about gold bein from notzis and if you like gold that
means that you're an-tie sometic and so on and a war
criminal to boot an it is jes not true.
In fack, Ill tell you whats happenen. Now that Black
African Powah has taken control of Gold Fields South
Africer and JCI, the US want everybody to stop usin
gold jes to hurt the Black people theah.
This whole thing is basicly RACIST

(Fri Jun 20 1997 03:13)
Let me guess, EB was in 'Nam, Sabot was not.

(Fri Jun 20 1997 03:13)
Ask one of the vet's or rent Forrest Gump again.



(Fri Jun 20 1997 03:24)

RJ: Since Mexico is part of our trading block and by my
estimation; a good group of people; I will not comment
vehemently, but of the 350,000+/- vehicles they produced
in 1996, about 90% were imported by the US. Why can't
their government create conditions, such as to make them
able to buy that production?

(Fri Jun 20 1997 03:24)
EB, RJ: On board a carrier over there yes. Ashore, no. Damn, but that was a long time ago! I'm sure it'll come back to me at some wee hour in the middle of the night. Either that, or I will watch Forrest Gump again. In the mean time, don't any of you even dare tell me what it is!

(Fri Jun 20 1997 03:32)
@ under 40 yrs of age
RJ- although I do remember the sixties and the hippies ( and you hilarious comment about drinking BONG water ) I am just a puppy-relatively speaking of course. No NAM in my background...What a GREAT time for music though.

Regarding options trading you are right! I didn't think the numbers were that high-98% but yes most are losers. But, like any game... since I was able to pick up a baseball bat or golf club, I play to win. Winning IS everything. To win you must prepare and practice. Do not enter any arena unless you have done homework, studied, etc. Like leveraging, options trading is a very viable way to make a good or damn good living.

Be prepared! Oh, I was in the boy scouts...



(Fri Jun 20 1997 03:43)
@the scene
Jack -- If I might also comment on your post. First, think of return-on-investment. It would be most difficult to pay off multi-hundred million dollar plants buy trying to sell to those that have virtually subsistence income. The alternative is to sell to those that do have income. At the same time, start employing those so they too might have a disposable income. You are correct that very little is being done in that particular regard, and unless that does occur, the companys that move there will find very little, if any, overall benefit in having done so. Only short term profits that will be wind up being given back later as less and less market is available. These companys really need to begin emulating Henry Ford: Pay a wage where his workers could afford to buy that which they were making.

(Fri Jun 20 1997 05:03)
@hepcats loungeroom
Hello to all! My gold stocks sent a chill down my spine today. Hey thats
life and at least Im totaled in reality and if it werent for Mercury
Falling I'd be sobbing into my lap. B.T. I'm a believer, six always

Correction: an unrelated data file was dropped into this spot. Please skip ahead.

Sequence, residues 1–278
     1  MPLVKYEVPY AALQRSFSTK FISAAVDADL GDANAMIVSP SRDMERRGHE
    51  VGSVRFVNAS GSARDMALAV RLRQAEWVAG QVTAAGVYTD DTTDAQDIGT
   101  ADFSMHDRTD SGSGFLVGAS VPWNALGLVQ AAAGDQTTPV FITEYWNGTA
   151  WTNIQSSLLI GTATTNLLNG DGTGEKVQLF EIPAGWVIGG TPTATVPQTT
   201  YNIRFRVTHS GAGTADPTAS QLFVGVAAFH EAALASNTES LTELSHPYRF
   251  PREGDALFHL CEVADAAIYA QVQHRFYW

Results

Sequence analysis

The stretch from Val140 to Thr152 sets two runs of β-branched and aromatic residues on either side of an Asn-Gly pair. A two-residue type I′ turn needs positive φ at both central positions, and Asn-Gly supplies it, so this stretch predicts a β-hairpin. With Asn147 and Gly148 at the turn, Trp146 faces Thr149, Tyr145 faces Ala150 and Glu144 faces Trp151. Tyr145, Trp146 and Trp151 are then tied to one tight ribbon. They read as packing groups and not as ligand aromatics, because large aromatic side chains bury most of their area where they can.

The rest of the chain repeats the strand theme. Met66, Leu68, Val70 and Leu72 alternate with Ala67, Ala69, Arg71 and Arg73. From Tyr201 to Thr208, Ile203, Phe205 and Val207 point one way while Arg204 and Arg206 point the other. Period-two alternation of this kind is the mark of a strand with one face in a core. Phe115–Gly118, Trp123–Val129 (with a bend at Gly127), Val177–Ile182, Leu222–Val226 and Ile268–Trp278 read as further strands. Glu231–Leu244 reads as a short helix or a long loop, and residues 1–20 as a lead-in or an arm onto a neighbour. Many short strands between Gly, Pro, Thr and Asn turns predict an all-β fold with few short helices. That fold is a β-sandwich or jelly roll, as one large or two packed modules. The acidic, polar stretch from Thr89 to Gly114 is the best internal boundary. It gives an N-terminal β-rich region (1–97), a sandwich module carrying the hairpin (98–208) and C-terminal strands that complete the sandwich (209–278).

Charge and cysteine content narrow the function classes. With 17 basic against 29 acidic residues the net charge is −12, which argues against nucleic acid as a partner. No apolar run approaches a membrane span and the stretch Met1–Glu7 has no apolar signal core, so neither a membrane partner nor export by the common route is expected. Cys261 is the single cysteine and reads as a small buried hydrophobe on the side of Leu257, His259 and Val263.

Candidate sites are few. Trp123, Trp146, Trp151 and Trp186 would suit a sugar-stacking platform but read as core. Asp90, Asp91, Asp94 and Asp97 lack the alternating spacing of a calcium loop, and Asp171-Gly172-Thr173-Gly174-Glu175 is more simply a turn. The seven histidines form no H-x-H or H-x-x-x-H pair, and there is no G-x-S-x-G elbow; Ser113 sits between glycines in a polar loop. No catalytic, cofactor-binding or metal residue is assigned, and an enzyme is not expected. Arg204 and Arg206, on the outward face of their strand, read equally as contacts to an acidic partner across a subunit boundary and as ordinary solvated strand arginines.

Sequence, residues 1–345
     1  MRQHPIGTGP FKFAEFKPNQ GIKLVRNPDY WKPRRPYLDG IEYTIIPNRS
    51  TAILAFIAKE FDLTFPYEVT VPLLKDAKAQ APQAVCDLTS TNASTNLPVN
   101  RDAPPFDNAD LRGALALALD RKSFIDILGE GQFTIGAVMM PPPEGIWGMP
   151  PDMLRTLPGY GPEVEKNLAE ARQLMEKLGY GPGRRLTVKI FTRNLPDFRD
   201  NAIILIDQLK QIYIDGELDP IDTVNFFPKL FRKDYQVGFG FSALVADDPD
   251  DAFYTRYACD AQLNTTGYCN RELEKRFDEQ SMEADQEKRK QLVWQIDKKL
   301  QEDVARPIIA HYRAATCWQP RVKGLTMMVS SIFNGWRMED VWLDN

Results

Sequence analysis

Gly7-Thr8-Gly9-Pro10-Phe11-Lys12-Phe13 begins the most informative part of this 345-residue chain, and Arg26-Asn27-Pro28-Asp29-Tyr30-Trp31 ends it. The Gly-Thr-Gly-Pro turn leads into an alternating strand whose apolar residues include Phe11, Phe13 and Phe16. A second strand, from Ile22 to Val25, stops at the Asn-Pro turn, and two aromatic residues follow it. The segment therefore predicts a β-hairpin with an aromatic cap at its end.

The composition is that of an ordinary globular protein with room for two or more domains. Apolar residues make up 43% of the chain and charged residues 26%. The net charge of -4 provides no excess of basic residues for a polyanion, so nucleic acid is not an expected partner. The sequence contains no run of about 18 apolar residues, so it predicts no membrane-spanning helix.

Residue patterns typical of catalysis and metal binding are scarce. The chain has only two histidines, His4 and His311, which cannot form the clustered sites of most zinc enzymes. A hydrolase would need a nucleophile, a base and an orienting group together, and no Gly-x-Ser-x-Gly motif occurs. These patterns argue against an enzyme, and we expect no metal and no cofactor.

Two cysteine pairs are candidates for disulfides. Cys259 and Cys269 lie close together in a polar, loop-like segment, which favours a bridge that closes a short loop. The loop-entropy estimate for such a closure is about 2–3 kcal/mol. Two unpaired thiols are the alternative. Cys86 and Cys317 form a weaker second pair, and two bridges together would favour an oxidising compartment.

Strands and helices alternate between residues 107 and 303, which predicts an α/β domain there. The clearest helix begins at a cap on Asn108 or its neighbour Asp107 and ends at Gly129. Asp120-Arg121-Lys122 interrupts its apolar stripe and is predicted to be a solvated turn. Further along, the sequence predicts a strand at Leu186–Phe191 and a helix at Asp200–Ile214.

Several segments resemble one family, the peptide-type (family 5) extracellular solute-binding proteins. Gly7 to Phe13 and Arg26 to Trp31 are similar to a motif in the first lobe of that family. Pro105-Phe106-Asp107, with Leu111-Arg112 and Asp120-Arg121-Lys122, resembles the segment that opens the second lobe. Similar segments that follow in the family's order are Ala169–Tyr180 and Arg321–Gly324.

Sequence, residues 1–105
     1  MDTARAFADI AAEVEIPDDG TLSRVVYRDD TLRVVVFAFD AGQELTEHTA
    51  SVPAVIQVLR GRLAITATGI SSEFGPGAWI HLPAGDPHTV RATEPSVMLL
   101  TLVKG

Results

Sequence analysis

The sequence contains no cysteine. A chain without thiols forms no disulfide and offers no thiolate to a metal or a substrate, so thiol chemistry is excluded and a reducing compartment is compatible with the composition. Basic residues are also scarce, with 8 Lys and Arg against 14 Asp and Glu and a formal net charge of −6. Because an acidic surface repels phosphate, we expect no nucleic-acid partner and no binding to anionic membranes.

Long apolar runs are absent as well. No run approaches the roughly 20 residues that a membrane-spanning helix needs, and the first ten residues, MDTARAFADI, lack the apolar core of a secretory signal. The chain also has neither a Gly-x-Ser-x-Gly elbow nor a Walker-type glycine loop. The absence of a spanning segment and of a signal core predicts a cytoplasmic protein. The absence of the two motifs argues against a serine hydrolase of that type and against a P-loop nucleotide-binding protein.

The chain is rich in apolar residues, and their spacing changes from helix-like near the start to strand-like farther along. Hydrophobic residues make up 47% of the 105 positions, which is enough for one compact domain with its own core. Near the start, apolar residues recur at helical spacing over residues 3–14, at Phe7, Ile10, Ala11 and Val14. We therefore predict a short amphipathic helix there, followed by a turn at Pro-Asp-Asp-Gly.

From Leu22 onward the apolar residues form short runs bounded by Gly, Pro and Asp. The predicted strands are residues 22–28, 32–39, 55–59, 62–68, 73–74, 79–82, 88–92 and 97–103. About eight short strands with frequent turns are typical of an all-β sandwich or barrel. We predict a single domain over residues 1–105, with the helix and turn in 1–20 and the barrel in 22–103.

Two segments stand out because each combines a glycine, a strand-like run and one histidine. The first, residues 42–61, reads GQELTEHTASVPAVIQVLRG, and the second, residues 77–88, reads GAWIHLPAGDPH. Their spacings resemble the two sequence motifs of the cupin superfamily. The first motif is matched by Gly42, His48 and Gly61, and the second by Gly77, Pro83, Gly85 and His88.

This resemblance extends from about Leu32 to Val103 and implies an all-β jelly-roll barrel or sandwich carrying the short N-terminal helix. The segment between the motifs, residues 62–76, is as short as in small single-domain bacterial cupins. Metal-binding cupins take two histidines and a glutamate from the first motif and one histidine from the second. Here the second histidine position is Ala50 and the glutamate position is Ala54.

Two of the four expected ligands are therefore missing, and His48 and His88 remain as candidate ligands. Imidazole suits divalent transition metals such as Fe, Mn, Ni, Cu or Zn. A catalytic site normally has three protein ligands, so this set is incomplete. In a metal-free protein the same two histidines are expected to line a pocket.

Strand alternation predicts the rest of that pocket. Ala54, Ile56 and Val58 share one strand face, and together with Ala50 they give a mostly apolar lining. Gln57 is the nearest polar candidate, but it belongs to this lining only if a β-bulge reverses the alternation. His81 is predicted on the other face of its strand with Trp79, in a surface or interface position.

seems to work for me.

(Fri Jun 20 1997 05:09)

Eldorado: Been away trying to find verification of the
figures given, but couldn't find news artical, maybe
heard in on TV? RJ is a tough customer.
I believe that the 350,000 figure concerned production by
US owned companies, or by just Ford or GM indivigually.
Actually Mexican auto production is much higher and
should come close to 1 million vehicles.
I agree with your answer, but the Big Three shouldn't
coerce US labor, or better yet, DC should stand up for
its citizens.

Henry Ford
(Fri Jun 20 1997 05:19)
@Dearborn, Michigan

US autos are now the cheapest and best quality in
the world. This is due, in part, to Japanese and
German companies setting up production in North

(Fri Jun 20 1997 05:35)
6pak: Your Jun 19 21:54 post on Canadian economic history very interesting. I suspect most U.S. citizens fall in the same Quite,Consume, and Die mold as you think most Canadians fall. Somewhat related perhaps is a fact I remember from a history course: Only one third of the people supported the American Revolution, one third were neutral, and one third were actually Tories. Fits the mold.

(Fri Jun 20 1997 05:39)

Henry: The unemployment rate in Japan is relatively low,
this indicates that their manufactures are careful not to
stiff their own labor.
In other words; while they expand their markets
worldwide, they make sure that the Japanese economy is
not excessively hurt.
True, the Japanese are said to be in big trouble, but I
emphasize the word SAID, years of savings will probably
pull them thru.
This cannot be said for the US. Germany on the otherhand
has savings and a high jobless rate. This indicates that
they are stiffing their people.

(Fri Jun 20 1997 05:43)
@ From Missouri

This BT forecast is starting to look like Malachi
Martin's prediction of some sort of catastrophe from
the sky. Will this be another failed
prognostication? Stay tuned.

(Fri Jun 20 1997 05:53)
Like to Add

Henry: Forgot to mention, the strong US dollar not only
makes US made auto's less competitive, but it also
effects what most of us believe in. There are other
reasons that effect our beliefs, but I will not write a

Henry Ford
(Fri Jun 20 1997 06:02)
@ Dearborn Michigan

Jack-The strong dollar has forced US automakers to
slim down in order to be competitive. The Renault
is a prime example of the EMU automobile. The
Renault, like the EMU, is substandard.

(Fri Jun 20 1997 06:13)
EBN Gold down 1.15 ans Silver down 2 cents...Dollar strong ( thanks Bubba )
Tort: Thanks fer missive yesterday and will be back at ya later today!

(Fri Jun 20 1997 06:42)

Henry: I do not buy the slimming down nonsence, basically
it's to a show profit. Like taking large write-offs in
year one, so that years two and three will look good,
mostly because of the lower taxes, generated by the
write-offs. That ain't competition.
If they held those employees, they ( the employees ) would